By Antonio Denti
MARSEILLE, France (Reuters) - The migrant rescue ship Aquarius, source of a dispute between Italy and Malta in June after both refused to accept more than 600 people it had picked up, will begin a new mission in the southern Mediterranean on Wednesday, organisers said.
The 77-metre vessel, operated by Franco-German charity SOS Mediterranee, will set sail from Marseille on its tenth operation of the year, having already rescued about 3,000 people during 2018, many fleeing from the shores of Libya.
"(The ship) goes back to sea this afternoon," Francis Vallat, president of SOS Mediterranee, told reporters.
"If only one reason was needed, it is that during the month of June, according to the latest figures, there were seven times as many deaths this year than in June last year because of the lack of NGO rescue ships. We're going back."
In June, the Aquarius picked up 629 migrants, including scores of children and seven pregnant women, off the coast of Libya. It planned to take them to the nearest European port, the usual practise with such rescue missions.
But the then new Italian government, a coalition including the anti-immigrant League party, asked the ship to go to Malta rather than Italy. Malta said it was not the appropriate destination or capable of taking the migrants in.
This led to a standoff that drew in the European Union and France. Political tensions have persisted between Rome and Paris since.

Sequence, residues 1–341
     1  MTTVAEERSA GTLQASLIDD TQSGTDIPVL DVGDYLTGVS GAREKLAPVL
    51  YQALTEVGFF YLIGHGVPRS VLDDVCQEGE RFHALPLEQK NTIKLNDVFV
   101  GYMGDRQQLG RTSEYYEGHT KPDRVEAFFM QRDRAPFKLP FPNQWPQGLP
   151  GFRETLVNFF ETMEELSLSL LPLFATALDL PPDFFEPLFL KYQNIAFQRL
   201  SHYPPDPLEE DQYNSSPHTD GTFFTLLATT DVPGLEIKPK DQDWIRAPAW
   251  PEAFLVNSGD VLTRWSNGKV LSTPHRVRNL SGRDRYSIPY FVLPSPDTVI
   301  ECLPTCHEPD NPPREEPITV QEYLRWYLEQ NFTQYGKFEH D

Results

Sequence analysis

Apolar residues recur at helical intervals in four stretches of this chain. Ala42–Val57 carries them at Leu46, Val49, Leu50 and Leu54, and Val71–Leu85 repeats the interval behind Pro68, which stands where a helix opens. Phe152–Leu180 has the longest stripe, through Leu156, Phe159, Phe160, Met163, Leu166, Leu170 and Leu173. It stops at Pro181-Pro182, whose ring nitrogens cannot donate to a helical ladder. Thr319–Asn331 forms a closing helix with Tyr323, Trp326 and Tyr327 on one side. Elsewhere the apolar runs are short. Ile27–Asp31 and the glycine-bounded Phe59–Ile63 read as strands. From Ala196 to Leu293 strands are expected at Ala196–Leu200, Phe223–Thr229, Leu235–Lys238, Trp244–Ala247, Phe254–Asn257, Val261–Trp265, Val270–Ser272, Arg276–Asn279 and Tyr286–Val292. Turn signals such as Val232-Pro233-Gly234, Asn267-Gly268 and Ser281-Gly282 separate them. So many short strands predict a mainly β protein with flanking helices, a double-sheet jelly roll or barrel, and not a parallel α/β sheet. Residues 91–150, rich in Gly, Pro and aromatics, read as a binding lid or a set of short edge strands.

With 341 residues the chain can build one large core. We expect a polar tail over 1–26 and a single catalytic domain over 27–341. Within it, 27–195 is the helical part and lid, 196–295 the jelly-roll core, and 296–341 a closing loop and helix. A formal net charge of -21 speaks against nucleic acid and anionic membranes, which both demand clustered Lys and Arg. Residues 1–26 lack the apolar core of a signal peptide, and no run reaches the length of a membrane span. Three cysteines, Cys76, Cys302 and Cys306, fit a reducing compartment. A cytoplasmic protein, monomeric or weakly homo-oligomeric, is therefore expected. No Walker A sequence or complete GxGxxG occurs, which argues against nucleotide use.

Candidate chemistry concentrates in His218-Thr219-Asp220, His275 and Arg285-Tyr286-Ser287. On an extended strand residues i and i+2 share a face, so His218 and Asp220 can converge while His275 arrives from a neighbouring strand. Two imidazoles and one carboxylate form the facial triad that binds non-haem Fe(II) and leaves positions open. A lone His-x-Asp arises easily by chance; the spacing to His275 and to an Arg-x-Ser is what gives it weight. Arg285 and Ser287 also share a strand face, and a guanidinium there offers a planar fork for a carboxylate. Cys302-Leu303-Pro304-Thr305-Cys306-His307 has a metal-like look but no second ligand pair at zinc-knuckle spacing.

Eventually, the migrants were taken in by Spain, which is now facing a renewed flood of people fleeing North Africa.
The Aquarius is one of a number of NGO-supported ships that have carried out rescue operations in the southern Mediterranean, alongside the Italian navy and EU-led missions.
More than 10,000 migrants have drowned in the region since 2014, according to the International Organization for Migration.
Italy, which has brought ashore more than 650,000 migrants since 2014, wants migrants returned to where they left from. Interior Minister Matteo Salvini has accused SOS Mediterranee and other charities of acting like a Mediterranean "taxi service" for the migrants.
Frederic Penard, director of operations for SOS Mediterranee, said there was no question of the Aquarius rescuing migrants and taking them back to Africa.
"We will always refuse to disembark people in Libya," he said. "Libya cannot be considered a safe port. Everyone agrees with that for the moment."
(Additional reporting by Maya Barkin; Writing by Luke Baker; editing by David Stamp)